5. User-generated content is not your property.
The mere fact that a participant posts content (e.g., photos, written material, etc.) on social media or submits it to your company in the context of a promotion does not necessarily mean that the company can freely use that content for marketing or other purposes.
Accordingly, if your promotion contemplates entrants submitting content, or posting content on social media and tagging your company, you should consider if and how you would like to use that content, and include an appropriate license in your official rules. For example, if you would like to use the content in marketing materials outside of the promotion or the social media platform, you should include a clear, irrevocable license to do so.
Separately, to the extent the content contains an entrant’s name, image, or likeness, you should know that the entrant has rights of privacy or publicity that prohibit your use without express permission. You can and should seek to secure this permission in the official rules. However, because some states require an individual’s express written consent to grant that permission, you should also secure a right of privacy/publicity release separately and apart from the rules. Making this release a condition for receiving the prize is a good idea even if your company simply wants advertise who won your promotion.
6. Don’t forget to require any influencers to make proper disclosures and encourage entrants to do the same.
In a previous alert, we discussed how influencers must disclose to consumers any “material connections” to a brand whenever they make an “endorsement” of that brand. Accordingly, if a company uses an influencer to advertise a promotion, or the influencer otherwise receives any benefit to post about or endorse the promotion, that relationship should be disclosed to consumers.
What may be less obvious is that these requirements apply to anyone with a “material connection” to the brand, and “material connection” is interpreted broadly. In fact, a chance to win a prize could be considered a material connection between an entrant and your company. So, it’s probably a good idea to make it easy for entrants to disclose their connection by requiring something more than a “like” whenever requiring an action on social media to enter. For example, you could require entrants to include something like #holidaysweepstakes as part of a means of entry. In any case, disclosure requirements should be contained in the official rules and short form versions of the rules.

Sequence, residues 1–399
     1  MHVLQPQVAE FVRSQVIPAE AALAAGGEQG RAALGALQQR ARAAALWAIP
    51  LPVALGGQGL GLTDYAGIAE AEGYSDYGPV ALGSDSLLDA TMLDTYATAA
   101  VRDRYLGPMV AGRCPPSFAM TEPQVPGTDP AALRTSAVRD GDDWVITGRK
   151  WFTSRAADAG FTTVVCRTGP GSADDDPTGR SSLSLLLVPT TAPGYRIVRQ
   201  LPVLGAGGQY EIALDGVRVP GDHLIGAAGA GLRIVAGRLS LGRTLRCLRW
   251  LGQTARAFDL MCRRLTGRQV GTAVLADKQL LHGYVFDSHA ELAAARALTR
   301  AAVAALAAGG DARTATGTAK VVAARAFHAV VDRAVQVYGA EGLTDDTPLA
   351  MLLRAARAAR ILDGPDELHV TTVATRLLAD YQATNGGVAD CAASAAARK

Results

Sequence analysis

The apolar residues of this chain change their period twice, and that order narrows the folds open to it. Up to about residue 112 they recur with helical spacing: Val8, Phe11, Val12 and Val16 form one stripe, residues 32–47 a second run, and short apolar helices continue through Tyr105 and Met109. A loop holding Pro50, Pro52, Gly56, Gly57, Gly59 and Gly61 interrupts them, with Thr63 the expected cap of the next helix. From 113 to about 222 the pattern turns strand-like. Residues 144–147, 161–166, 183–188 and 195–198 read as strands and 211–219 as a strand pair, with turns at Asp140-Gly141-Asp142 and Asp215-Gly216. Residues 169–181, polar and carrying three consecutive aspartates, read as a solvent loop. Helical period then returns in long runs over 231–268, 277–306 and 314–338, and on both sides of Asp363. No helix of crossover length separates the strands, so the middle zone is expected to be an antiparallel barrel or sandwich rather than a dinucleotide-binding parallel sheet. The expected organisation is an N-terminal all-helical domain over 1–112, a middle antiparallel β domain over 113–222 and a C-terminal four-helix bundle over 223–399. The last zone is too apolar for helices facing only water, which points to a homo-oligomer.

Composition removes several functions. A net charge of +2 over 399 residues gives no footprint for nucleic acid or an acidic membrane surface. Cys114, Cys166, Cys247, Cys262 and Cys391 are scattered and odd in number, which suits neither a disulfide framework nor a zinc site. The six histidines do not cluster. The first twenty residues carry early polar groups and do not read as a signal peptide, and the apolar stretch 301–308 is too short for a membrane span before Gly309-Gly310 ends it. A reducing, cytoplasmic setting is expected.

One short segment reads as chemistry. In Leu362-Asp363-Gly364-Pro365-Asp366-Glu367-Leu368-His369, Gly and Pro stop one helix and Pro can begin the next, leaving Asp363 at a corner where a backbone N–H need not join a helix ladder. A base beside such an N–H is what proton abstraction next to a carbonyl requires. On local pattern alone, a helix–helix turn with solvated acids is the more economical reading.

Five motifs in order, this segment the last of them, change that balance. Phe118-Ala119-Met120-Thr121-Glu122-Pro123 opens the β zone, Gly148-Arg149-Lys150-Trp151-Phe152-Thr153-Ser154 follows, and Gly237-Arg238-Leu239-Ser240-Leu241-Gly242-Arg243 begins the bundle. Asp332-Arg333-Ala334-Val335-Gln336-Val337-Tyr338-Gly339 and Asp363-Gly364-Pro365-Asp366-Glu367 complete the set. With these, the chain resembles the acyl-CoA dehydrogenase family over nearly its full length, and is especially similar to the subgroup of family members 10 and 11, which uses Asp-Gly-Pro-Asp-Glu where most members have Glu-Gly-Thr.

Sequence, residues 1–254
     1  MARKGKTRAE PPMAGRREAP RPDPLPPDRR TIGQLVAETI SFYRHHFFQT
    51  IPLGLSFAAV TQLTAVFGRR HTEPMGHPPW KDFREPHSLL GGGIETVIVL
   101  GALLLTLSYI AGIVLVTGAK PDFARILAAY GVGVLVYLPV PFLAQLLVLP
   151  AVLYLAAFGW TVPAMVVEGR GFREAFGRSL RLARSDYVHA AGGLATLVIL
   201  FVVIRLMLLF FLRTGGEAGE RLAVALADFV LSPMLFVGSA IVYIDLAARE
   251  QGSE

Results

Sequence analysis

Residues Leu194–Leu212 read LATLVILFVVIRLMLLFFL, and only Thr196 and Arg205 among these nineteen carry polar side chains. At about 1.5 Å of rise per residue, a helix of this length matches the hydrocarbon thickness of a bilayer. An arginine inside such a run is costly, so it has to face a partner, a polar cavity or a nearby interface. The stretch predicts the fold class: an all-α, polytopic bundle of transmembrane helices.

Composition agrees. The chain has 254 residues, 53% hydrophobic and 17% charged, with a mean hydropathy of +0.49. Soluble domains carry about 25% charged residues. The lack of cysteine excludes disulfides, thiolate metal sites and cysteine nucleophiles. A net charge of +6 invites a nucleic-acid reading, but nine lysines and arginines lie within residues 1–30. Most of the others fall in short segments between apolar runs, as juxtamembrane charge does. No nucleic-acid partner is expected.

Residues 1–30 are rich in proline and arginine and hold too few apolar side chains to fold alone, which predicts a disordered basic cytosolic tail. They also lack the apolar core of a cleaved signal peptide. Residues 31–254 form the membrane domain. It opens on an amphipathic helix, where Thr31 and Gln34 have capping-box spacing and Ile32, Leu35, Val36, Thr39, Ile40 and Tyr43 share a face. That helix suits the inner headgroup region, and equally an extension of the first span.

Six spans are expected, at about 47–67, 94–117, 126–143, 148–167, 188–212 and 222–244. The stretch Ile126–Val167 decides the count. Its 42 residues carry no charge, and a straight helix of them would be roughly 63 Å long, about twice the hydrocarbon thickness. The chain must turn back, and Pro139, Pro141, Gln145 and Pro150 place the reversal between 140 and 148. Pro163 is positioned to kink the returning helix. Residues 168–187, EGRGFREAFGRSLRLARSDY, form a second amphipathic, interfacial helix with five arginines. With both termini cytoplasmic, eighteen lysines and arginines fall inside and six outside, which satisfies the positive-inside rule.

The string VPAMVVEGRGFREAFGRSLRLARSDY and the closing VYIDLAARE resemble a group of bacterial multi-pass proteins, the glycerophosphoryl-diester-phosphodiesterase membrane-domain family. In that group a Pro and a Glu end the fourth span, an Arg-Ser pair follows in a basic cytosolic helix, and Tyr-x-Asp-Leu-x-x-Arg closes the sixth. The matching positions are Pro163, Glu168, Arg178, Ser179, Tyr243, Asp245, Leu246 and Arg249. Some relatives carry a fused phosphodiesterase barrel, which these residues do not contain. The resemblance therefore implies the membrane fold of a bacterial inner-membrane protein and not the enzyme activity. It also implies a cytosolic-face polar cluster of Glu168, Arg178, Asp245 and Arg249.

7. Registration and bonding of the promotion may be required in some states.
Depending on prize value and promotion location, you may need to register the promotion in one or more states, and you may be required to obtain a bond. For example, New York, Florida, Rhode Island, and Arizona each have different registration requirements. Registration (including bonding, if applicable) is a pretty simple process, but can take a little time, so plan ahead.
8. Consider the age of entrants.
Do not overlook the age of entrants.
First, because a contract with a minor is voidable, many of the protections baked into your official rules could become meaningless. For example, if a promotion includes submission of user-generated content, any license to use that content included in the rules could become voidable by an entrant under the age of majority.
Although companies may ultimately become comfortable with allowing minors to enter certain promotions, they should consider and seek to mitigate the risks and carefully consider the structure of the promotion when minors are involved. For instance, you could award prizes to the minor’s parent or guardian, or require parent or guardian consent as a condition to receiving the prize.
Second, the federal Children’s Online Privacy Protection Act (COPPA) imposes significantly stricter privacy requirements when commercial website operators or online services knowingly collect personal information from children under the age of 13. Because COPPA violations can result in steep penalties, take extra care to comply if your promotion allows children under 13 to enter.
9. Don’t forget other eligibility requirements.
In general, it is permissible to establish eligibility requirements, such as limiting the promotion to certain states. However, eligibility requirements should not discriminate against people, including members of protected classes, such as race, color, religion, national origin, sex, age, or disability.
10. Remember to comply with other general advertising and privacy laws.
Although it may be obvious, if you publicize your promotion on social media, any such post will constitute “advertising” under state and federal law, and therefore be subject to general prohibitions against misleading, deceptive, and false advertising.
Accordingly, because social media posts (including shares of third-party posts) tend to be more informal, your company should be careful to not make any claims in social media posts or shares that would be prohibited in advertisements.
Similarly, because the promotion will likely involve collecting at least some of the participants’ personal information (if not only for the purposes of administering the promotion), general privacy laws governing the collection and use of personal information apply and should not be overlooked.
If you have any questions or would like more information about any of the items addressed above, or if you need assistance structuring a contest or sweepstakes in a compliant manner, please contact Kasey Boucher at email@example.com or Matt Stein at firstname.lastname@example.org.